For a film that largely takes place in a Hong Kong hotel room, Laura Poitras's Citizenfour—a deeply embedded documentary about Edward Snowden's revelations of the US's extensive spying program—is a gut-clenching thriller. It begins with the camera rushing down a black tunnel and Poitras reading from one of the early e-mails Snowden sent her: "At this stage I can offer nothing more than my word. I am a senior government employee in the intelligence community. I hope you understand that contacting you is extremely high risk... This will not be a waste of your time."
After a few e-mail exchanges, Snowden (who was signing his e-mails "citizenfour") tells Poitras to meet him in the restaurant of a Hong Kong hotel. He will be playing with a Rubik's Cube, they will have a scripted exchange, and she will follow him. Minutes later, she's turned on her camera and we all get to watch as he shows her and journalist Glenn Greenwald exactly how the US government is "building the biggest weapon for oppression in the history of mankind."
It's a truth so big, the public still hasn't fully digested it—one can tell by how quickly we shrugged off the idea of totalized surveillance as either necessary or inevitable. As computer security researcher and activist Jacob Appelbaum says during a panel discussion in Citizenfour: "What people used to call liberty and freedom they now call privacy—and in the same breath, they say that privacy is dead." But Citizenfour walks us through the facts and their implications, from Snowden sitting on a bed and patiently explaining how the vast majority of communication between devices is indiscriminately "ingested" to showing clips of intelligence officials stonily lying during congressional testimony.
In one chilling scene, Senator Ron Wyden asks Director of National Intelligence James Clapper, "Does the NSA collect any type of data at all on millions or hundreds of millions of Americans?" When Clapper answers, "No, sir," Senator Wyden leans forward and asks, sounding stunned, "It does not?" This was before the Snowden revelations, and Senator Wyden, as a member of the Senate's intelligence committee, knew the answer to his question—and that Clapper knew he knew, but chose to lie anyway.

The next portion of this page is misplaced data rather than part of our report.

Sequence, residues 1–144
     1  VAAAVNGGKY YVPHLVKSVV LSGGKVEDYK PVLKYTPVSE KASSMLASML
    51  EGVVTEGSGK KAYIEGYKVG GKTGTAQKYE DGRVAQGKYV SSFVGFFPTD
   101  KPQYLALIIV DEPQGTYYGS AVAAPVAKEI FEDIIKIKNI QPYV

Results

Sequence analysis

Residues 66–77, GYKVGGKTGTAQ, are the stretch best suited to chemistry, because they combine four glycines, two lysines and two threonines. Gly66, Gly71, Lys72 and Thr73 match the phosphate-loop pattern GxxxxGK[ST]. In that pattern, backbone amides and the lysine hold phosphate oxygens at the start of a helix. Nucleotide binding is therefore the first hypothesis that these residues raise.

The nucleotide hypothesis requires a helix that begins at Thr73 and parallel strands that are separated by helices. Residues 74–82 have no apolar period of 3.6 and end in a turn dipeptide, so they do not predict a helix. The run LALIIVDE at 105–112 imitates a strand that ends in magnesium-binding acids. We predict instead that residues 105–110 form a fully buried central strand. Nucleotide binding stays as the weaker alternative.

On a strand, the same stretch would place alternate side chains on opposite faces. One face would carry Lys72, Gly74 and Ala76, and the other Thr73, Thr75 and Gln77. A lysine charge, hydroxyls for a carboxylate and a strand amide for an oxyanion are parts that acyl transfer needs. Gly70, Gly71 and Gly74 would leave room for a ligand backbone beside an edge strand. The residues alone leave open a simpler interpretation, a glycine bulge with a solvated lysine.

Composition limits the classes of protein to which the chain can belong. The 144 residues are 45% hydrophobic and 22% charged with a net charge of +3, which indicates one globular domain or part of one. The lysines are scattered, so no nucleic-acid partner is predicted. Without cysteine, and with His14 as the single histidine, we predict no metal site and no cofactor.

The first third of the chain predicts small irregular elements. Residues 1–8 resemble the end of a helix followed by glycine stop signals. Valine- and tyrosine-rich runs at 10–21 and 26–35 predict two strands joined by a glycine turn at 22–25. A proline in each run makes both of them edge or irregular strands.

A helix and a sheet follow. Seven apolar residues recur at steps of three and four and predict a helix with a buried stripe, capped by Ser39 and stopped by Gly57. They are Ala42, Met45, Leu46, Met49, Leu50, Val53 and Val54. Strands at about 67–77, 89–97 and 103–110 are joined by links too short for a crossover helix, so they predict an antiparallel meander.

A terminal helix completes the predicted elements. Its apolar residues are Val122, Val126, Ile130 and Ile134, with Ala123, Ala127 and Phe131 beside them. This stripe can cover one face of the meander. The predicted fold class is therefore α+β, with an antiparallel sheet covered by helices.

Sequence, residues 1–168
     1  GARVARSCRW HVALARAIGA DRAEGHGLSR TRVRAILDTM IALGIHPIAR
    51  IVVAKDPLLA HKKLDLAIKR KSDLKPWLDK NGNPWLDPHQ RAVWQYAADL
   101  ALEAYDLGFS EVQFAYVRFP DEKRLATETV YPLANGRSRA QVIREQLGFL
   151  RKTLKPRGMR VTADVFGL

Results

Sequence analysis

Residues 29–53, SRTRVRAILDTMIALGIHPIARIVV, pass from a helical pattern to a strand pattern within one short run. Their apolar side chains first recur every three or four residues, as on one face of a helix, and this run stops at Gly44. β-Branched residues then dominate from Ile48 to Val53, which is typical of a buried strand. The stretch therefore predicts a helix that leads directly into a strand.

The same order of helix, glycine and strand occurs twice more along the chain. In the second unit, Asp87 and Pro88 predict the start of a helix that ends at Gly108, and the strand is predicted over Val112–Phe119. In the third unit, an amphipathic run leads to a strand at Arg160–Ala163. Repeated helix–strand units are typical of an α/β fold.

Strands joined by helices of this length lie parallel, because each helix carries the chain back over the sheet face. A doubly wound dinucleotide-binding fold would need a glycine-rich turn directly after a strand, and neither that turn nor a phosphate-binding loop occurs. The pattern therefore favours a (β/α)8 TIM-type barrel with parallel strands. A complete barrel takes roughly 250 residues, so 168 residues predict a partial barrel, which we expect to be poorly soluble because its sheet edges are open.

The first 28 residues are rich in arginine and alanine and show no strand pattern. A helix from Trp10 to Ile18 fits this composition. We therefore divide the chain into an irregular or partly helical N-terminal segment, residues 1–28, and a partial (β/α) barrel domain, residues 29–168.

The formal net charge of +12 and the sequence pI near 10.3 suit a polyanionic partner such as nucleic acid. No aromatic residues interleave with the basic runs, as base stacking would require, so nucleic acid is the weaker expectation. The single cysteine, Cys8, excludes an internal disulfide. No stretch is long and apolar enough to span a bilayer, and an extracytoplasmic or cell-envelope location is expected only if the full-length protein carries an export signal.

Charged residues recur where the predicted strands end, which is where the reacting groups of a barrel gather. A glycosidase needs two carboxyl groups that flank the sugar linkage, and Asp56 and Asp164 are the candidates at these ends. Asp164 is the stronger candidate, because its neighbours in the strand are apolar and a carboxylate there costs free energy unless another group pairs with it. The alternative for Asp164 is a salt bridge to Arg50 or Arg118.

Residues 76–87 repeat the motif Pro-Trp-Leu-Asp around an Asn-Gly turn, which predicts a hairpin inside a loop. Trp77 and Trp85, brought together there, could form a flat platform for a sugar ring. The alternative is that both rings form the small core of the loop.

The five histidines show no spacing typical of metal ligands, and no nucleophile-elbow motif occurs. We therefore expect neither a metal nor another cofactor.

Throughout the film, Snowden insists that he is not the story. He knows his identity will have to be revealed eventually—in part to protect others who might fall under suspicion and in part to tell the surveillance state that, in his words, "You're not going to bully me into silence like you've done to everybody else"—but calmly insists on minimizing himself. Poitras, while honoring that request, gives us small glimpses into Snowden's world: a copy of Cory Doctorow's novel Homeland on his nightstand, him cracking a tight smile and asking "Nervous?" after what sounds like Greenwald dropping his pen off-camera at the top of their first tense meeting, and his grim expression at the end of his sojourn in Hong Kong as he faces the fact that in a few minutes he's going to have to leave the hotel and run, possibly for his life.
Throughout Citizenfour, Poitras masterfully balances her reporting with the human implications. She is able to capture brief and ominous shots of data complexes in Germany, Britain, and the US, and traces the arc of Snowden and Greenwald becoming more savvy and more careful. Toward the end of the film, Snowden, Greenwald, and Poitras reunite in Moscow, where they talk in snippets of words and snippets of handwritten notes. (Al three know they are some of the most sought-after surveillance targets in the world, and that even speaking sensitive information out loud is a risk.) Greenwald says they have a new source that shocks even Snowden. The camera flashes across pieces of paper that mention drone strikes out of Germany, 1.2 million people on watch lists ("That's fucking ridiculous," Snowden says incredulously), and unspecified decision-making charts Greenwald has seen that all point to a box that says "POTUS."
This story is not over.